North Korea's Taepodong Missile
I just had three things going into this North Korean situation.
First things first: This debate over the imminent firing of a test missile into the pacific (I guess that's where it's supposed to go) goes to show how far we have gone drifted in American defense policy in five short years.
When you have "liberal" spokesmen like Walter Mondale, and Democratic "experts" like Ashton Carter and Bill Perry talking preemptive strikes, you can see how much George Bush's doctrines have taken hold of the American foreign policy wonks. Here's a couple of paragraphs from Carter and Perry's Washington Post piece:
Should the United States allow a country openly hostile to it and armed with nuclear weapons to perfect an intercontinental ballistic missile capable of delivering nuclear weapons to U.S. soil? We believe not. The Bush administration has unwisely ballyhooed the doctrine of "preemption," which all previous presidents have sustained as an option rather than a dogma. It has applied the doctrine to Iraq, where the intelligence pointed to a threat from weapons of mass destruction that was much smaller than the risk North Korea poses. (The actual threat from Saddam Hussein was, we now know, even smaller than believed at the time of the invasion.) But intervening before mortal threats to U.S. security can develop is surely a prudent policy....Before Bush, it used to be that when we (in the West) wanted to go to war against weaker entities in the third world, we had to have a pretext. That means a tangible grievance. Reaching way back in history, it could be placing missionaries in harms' way where they could become atrocity fodder (Boxer Rebellion). Or a gunboat could get itself fired upon (Bay of Tonkin). American medical students could be kidnapped (Grenada). Get a battleship blown up (Remember the Maine?)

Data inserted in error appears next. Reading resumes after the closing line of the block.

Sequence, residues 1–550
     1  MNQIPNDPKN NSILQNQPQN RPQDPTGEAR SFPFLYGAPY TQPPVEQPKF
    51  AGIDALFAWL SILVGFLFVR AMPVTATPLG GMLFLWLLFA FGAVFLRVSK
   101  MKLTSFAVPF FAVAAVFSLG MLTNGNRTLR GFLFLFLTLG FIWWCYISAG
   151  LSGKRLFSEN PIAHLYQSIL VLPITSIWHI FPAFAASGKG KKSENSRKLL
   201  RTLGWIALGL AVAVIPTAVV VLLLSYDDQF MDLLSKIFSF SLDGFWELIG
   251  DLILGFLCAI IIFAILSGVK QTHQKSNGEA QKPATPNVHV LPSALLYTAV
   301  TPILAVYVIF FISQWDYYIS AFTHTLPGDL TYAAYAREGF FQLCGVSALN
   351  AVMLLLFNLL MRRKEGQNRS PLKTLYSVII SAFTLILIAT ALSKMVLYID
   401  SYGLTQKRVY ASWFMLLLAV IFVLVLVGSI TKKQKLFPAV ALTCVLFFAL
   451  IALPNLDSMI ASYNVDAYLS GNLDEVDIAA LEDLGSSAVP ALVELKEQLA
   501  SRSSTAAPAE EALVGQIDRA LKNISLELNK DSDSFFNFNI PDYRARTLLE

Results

This is a hard measure for President Bush to take. It undoubtedly carries risk. But the risk of continuing inaction in the face of North Korea's race to threaten this country would be greater. Creative diplomacy might have avoided the need to choose between these two unattractive alternatives. Indeed, in earlier years the two of us were directly involved in negotiations with North Korea, coupled with military planning, to prevent just such an outcome. We believe diplomacy might have precluded the current situation. But diplomacy has failed, and we cannot sit by and let this deadly threat mature. A successful Taepodong launch, unopposed by the United States, its intended victim, would only embolden North Korea even further. The result would be more nuclear warheads atop more and more missiles.
Not now. The
How like a liberal to do something - in isolation from the big picture - simply because you can do it. Why not stuff the Taepodong missile while it is loaded and in it's silo? We can do it. Why not? Like just what we did to Iraq in 2003? (Because we could do it.) It's so tempting. Far more tempting than trying to shoot it down in mid-flight.
Which brings me to my Second Point: